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Clin Infect Dis. 1999 Jun;28 Suppl 2:S112-7.

Epidemiological, clinical, and laboratory aspects of pertussis in adults.

Author information

1
Department of Pediatrics and the UCLA Center for Vaccine Research, UCLA School of Medicine, Los Angeles, California 90095-1752, USA. jcherry@pediatrics.medsch.ucla.edu

Abstract

In populations without immunization, pertussis is a high-incidence, endemic disease with cyclic epidemic peaks occurring every 2-5 years. The universal use of pertussis vaccines in children results in a marked reduction in incidence, but the frequency of disease cycles does not lengthen. This indicates that the organism (Bordetella pertussis) remains prevalent in the population. Studies of prolonged cough illnesses in adolescents and adults indicate that between 12% and 32% are the result of B. pertussis infection. Serological survey data indicate that all adults have been previously infected, and IgA antibody studies suggest that infections in adults are as frequent in the United States, where pertussis has been controlled, as in Germany, where pertussis has been epidemic. Because of the apparent reservoir of B. pertussis infections in adolescents and adults, I believe that B. pertussis circulation cannot be controlled by our present childhood immunization program. Acellular pertussis vaccines make adolescent and adult booster immunization programs possible, and these could lead to a decrease in the circulation of the organism.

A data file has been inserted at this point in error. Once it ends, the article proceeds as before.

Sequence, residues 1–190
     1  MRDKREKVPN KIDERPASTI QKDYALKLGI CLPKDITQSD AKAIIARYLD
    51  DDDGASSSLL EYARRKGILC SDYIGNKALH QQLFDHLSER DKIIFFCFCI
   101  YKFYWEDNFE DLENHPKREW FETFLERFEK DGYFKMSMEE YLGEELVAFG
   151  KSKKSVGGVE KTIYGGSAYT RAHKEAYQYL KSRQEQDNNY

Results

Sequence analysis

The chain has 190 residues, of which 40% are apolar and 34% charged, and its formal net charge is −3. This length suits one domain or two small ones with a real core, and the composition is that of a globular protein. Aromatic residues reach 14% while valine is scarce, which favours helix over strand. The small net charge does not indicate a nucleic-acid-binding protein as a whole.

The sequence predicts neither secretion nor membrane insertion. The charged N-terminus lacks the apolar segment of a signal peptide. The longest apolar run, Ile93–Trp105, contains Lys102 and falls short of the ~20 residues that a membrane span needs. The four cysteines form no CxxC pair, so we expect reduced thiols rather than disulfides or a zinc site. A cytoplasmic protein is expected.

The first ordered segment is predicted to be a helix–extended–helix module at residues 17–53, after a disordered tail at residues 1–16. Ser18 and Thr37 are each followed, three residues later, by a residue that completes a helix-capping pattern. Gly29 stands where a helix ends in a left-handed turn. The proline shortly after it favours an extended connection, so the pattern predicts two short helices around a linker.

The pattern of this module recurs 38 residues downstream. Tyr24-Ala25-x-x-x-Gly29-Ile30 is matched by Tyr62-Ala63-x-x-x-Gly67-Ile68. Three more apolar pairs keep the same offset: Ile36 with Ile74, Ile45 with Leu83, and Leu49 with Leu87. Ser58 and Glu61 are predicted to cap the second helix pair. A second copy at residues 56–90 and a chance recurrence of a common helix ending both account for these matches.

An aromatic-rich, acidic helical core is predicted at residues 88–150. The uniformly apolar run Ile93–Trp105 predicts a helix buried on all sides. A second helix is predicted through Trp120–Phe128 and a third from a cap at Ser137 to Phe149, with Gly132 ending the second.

PMID:
10447028
DOI:
10.1086/515058
[Indexed for MEDLINE]

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